The title of this article has been co-opted from the title of the book, "Making Social Science Matter : Why Social Inquiry Fails and How it Can Succeed Again" by Bent Flyvbjerg.
The question the book poses is if social science is even worthwhile as an area for scholarship given social science's inability to come up with unerring, emperically testable models unlike the "natural" sciences. Social science doesn't start from a bedrock of seemingly objective, unshakeable axioms but from far more contested ideas like morality. So while science has gone on and built on shared work, social science has gone on tangentially into myriad directions struggling to grapple with the nihilistic dimensions of moral relativism. One "rationale" standpoint might to be substitute that basis with utilitarianism but there is no clear path to the super-productive utopia. For example, ostensibly utilitarian economic models like communism have failed. Furthermore utilitarianism is a virtue of a system and not particularly useful for an individual. That may not be true if we define utilitarianism as a "virtuous" system with individuals at the center of its attention. Probably a larger problem maybe how to determine if we are acheving that public good especially when logic is not particularly "logical" (rationale) as in how do we test that we have moved forward when rhetoric trumps all(*for example, a survey conducted a few years ago reported that 96% of all Americans think they belong to middle class)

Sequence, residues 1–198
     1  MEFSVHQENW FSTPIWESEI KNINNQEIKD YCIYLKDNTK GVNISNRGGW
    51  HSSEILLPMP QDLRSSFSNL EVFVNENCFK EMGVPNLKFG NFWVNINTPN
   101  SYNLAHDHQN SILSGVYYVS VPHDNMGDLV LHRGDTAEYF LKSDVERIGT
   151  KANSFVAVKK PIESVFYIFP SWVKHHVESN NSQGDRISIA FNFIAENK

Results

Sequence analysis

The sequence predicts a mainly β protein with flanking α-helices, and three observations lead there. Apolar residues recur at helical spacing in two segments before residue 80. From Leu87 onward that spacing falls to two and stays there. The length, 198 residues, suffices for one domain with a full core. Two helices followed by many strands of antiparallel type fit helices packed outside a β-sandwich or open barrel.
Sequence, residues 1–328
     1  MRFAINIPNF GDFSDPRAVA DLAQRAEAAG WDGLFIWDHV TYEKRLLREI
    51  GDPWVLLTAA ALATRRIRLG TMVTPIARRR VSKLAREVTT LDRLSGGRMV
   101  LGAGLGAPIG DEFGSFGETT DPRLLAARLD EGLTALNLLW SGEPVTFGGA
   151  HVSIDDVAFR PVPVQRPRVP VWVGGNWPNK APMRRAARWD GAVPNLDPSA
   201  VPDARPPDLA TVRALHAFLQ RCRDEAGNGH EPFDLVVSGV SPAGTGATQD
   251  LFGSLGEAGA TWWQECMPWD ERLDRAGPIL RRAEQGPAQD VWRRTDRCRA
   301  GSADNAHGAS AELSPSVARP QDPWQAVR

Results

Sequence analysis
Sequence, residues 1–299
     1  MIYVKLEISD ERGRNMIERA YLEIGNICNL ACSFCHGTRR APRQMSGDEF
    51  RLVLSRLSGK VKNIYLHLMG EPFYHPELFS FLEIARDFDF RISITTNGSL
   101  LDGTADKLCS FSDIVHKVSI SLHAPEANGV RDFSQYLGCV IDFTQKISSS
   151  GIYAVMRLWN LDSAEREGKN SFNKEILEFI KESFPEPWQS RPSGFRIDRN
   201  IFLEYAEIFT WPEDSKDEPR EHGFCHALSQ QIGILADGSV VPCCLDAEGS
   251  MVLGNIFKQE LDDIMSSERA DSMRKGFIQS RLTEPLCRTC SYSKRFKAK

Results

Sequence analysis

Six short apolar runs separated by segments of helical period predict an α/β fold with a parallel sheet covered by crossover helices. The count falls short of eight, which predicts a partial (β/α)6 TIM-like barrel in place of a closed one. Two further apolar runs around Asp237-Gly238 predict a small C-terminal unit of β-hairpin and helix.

Ok, I stray too much to come up with a cohesive argument. Back to analysing why indeed social science is redeemable? Social science has long followed the natural science model of inquiry which is in some ways a very strong model to follow excepting that it leaves key ontological questions unanwered. I believe that there are blind spots in using science that social science can overcome especially because it more readily accepts the irrational decisions, effect of systemic changes and outcomes that exist in the world. Furthermore, there is a certain inevtiability built right into Science which Social Science doesn't suffer from so social science can often offer critiques about where science is headed and should be. But that makes one envision social science as a door-keeper science and thats a particularly unhappy spot to be in especially with the surrounding euphoria about natural science. In fact I think the opposite. Social science has often paved ways that science has followed like the development of behvioral economics or cognitive science and even biology behind philosophy. But then the opposite is true too as we increasingly see tele-pundits using statistics to give a gild edge to their prejudices.